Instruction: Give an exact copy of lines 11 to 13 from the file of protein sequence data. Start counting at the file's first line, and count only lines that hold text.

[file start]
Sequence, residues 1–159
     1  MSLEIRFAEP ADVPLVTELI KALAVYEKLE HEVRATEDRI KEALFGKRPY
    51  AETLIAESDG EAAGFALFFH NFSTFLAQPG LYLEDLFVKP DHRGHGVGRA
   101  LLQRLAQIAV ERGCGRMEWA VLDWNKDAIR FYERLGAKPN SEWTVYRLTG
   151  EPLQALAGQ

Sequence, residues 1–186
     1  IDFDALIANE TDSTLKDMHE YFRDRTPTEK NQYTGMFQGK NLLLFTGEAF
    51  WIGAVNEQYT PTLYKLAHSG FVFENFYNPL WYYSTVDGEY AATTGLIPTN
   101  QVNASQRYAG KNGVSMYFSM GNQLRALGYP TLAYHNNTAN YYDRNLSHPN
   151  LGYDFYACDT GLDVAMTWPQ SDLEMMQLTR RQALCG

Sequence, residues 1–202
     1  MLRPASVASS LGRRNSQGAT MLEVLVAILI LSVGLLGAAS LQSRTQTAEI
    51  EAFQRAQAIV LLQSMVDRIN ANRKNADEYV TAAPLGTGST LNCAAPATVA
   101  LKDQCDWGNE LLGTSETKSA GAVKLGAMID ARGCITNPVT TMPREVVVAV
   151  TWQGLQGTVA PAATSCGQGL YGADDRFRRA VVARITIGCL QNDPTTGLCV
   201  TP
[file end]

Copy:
Sequence, residues 1–202
     1  MLRPASVASS LGRRNSQGAT MLEVLVAILI LSVGLLGAAS LQSRTQTAEI
    51  EAFQRAQAIV LLQSMVDRIN ANRKNADEYV TAAPLGTGST LNCAAPATVA